Soane's exterior walls remain, as seen here at the corner of Threadneedle Street and Bartholomew's Lane. Entry to the Bank of England Museum is just down Batholomew's on the left.

The Bank of England

    and

Bank of England Museum

Soane's appointment in October 1788 as 'Architect and Surveyor' to the Bank of England was the most important of his distinguished career.  The Bank was his main pre-occupation for the ensuing 45 years until his retirement in 1833 when he described it as '... a situation which has long been the pride and boast of my life'.

His first major work, the daringly unconventional Bank Stock Office, was completed in 1793 and was the seminal design for much of his later work.  Recontructed in 1988 on its original site, it now forms a key feature of the Bank's Museum.  The Museum tells the story of the Bank of England from its foundation in 1694 to its role today as the central bank of the United Kingdom.

www.BankofEngland.co.uk

( above text from the brochure A Brief Guide to Soane in London )

 


_______________________________________________________________________________

 

Dulwich Picture Gallery


Entry fcade of Gallery

Dulwich Picture Gallery was designed by Soane between 1811 and 1813 and was recently described by The Sunday Telegraph as the most beautiful art gallery in the world.  The collection includes works by Rembrandt, Poussin, Rubens, Gainsborough, Claude, Canaletto and Watteau as was originally put together by Noel Desanfans and Sir Francis Bourgeois for the King of Poland.  The king was forced to abdicate in 1795 and the pictures were never delivered to Poland.  Soane was therefore asked by Desenfans and Bourgeois to create the Gallery after their deaths.  It was a most curious commission for Soane, incorporating not just the picture gallery itself but also a mausoleum for the founders and almshouses for old women.  Dulwich was the first public picture gallery in Britain.  The building is of brick and has no classsical order.  It is now much admired and its top lighting and suite of galleries have influenced the design of many subsequent museums, including Richard Meier's Getty Museum in Los Angeles.  Today the Gallery attracts art lovers who come to see the building for its own sake, the collection and the regular international loan exhibitions.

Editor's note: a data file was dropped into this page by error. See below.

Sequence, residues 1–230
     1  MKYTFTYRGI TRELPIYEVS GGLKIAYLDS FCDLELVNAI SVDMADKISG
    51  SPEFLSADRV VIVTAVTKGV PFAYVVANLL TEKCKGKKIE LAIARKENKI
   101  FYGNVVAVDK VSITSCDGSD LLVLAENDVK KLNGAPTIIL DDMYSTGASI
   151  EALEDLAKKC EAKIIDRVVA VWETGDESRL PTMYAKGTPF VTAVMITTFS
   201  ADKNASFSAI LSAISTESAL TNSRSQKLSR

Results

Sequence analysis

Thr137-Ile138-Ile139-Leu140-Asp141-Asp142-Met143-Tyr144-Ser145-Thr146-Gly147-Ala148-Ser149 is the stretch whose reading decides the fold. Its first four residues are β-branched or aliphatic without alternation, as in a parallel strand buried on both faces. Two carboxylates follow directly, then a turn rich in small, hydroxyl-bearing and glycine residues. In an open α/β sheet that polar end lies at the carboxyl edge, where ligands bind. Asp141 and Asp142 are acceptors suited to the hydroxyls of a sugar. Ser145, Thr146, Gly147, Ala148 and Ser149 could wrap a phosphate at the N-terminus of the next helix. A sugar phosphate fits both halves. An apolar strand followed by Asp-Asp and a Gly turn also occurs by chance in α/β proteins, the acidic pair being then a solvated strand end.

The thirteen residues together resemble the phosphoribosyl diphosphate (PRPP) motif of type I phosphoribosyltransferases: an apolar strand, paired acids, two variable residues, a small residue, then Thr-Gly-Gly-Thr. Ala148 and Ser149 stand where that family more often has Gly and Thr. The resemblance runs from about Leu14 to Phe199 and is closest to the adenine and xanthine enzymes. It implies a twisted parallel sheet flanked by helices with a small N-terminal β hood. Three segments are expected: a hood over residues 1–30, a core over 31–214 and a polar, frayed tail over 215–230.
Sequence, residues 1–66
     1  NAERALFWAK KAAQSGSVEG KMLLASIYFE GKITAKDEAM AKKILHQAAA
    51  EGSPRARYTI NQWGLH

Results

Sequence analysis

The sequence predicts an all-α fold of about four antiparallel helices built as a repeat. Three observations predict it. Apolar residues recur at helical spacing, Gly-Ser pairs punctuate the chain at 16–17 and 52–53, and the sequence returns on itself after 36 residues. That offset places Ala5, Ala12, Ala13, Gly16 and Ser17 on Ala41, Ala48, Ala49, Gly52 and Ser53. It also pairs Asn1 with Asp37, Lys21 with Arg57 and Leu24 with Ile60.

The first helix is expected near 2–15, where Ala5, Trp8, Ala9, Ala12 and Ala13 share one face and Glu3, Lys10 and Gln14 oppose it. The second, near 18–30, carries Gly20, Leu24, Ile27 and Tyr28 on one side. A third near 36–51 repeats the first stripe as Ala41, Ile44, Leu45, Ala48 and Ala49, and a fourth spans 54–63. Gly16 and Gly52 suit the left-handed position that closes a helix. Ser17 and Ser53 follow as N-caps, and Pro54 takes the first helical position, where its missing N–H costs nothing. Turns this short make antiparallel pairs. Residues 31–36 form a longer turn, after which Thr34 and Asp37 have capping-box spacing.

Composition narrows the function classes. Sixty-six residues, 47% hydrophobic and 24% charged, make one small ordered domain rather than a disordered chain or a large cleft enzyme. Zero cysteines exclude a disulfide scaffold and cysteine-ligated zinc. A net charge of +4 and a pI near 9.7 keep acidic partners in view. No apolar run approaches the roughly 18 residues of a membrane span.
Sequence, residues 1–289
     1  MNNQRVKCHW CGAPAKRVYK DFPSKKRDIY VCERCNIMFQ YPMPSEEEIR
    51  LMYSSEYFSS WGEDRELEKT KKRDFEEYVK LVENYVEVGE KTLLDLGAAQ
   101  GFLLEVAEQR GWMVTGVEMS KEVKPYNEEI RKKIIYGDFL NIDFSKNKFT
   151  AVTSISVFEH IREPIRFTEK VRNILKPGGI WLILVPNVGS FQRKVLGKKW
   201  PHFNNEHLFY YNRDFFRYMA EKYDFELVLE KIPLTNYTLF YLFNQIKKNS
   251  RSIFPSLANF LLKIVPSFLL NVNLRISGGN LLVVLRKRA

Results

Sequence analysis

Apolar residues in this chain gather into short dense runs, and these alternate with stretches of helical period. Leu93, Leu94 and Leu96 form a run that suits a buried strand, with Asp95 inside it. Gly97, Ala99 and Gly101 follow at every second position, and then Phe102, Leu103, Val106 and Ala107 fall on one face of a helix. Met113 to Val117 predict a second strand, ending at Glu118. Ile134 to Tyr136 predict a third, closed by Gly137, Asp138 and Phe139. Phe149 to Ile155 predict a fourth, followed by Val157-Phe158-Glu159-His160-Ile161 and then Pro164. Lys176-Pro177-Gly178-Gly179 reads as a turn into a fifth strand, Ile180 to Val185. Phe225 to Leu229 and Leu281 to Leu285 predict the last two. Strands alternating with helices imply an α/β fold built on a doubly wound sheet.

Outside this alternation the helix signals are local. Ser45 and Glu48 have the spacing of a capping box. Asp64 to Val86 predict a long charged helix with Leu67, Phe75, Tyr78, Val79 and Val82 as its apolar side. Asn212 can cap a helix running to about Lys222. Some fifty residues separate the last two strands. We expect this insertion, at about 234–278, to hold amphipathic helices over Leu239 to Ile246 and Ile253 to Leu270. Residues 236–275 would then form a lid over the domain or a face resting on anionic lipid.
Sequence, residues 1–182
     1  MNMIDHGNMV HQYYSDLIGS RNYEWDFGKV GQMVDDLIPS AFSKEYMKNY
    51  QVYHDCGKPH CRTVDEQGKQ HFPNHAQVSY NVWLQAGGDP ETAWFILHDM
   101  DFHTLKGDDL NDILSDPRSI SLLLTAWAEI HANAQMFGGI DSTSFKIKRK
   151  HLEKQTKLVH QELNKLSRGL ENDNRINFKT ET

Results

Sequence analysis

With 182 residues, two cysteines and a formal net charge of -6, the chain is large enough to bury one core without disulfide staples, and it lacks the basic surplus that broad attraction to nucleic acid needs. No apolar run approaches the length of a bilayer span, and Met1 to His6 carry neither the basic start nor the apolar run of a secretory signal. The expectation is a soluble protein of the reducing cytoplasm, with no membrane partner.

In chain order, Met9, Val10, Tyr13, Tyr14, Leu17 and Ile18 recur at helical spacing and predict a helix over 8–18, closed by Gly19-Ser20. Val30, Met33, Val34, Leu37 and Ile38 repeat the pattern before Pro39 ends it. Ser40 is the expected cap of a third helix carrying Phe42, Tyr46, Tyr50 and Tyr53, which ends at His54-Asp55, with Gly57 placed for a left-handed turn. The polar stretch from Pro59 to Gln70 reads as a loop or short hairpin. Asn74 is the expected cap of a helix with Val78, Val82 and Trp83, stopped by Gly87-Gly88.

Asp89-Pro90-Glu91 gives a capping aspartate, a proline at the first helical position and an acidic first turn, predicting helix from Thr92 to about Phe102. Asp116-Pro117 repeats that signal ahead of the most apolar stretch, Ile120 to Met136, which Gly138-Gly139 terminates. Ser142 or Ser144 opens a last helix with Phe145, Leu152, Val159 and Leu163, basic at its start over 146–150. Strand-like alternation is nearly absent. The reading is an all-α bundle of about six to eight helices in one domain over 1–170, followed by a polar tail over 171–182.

www.DulwichPictureGallery.org.uk  

( above text from the brochure A Brief Guide to Soane in London )


View of mausoleum side of the building. Entry facade is on the opposite front.
Mausoleum attached to the Gallery Building.

_______________________________________________________________________________

 


Pitzhanger Manor-House

Purchased in 1800, Pitzhanger was to be Soane's 'Dream' home.  This Country Villa would be a weekend retreat, a place to entertain friends and clients, a home for his growing collections and, subsequently, a 'suitable' residence for his sons.  Retaining an extension by George Dance, Soane designed a facade (which he later described as a 'sort of portrait'), behind which he created a sequence of functional rooms incorporating radical color schemes and his idiosyncratic use of space and light. 


Entry arch to the property, notice top of pillar is the familar Soane cap stone.
Entry Vestibule Dome
View into the Library

 

 

Today, these interiors are restored to their appearance in 1804.  Later extensions to the Manor accommodate a collection of Martinware Pottery and West London's largest contemporary gallery space.  Outside, Soane's entrance arch, lodge and ornamental bridge can still be seen in the adjoining Walpole Park.

www.Ealing.gov.uk/PitzhangerManor-House

( above text from the brochure A Brief Guide to Soane in London )


The Library
Use of mirrors and built in bookcases.
Another corner detail of the Library
Breakfast Room ceiling
White and lavender wisteria in the garden...
mixes with beautiful climbing red roses.

_______________________________________________________________________________

 

The Soane Family Tomb


 

 

The tomb Soane designed for his wife on her death in 1815 and in which he is also buried.  It is one of only two Grade I listed tombs in London (the other being that of Karl Marx in Highgate Cemetery) and almost certainly inspired the form of the red K2 telephone box.

Located at the Old St. Pancras Churchyard on St. Pancras Road, just several blocks north of St. Pancras and Kings Cross Stations.

( above text from the brochure A Brief Guide to Soane in London )


_______________________________________________________________________________

There are other exisitng buildings and structures in and around London,

but the above are what was visited in May 2005.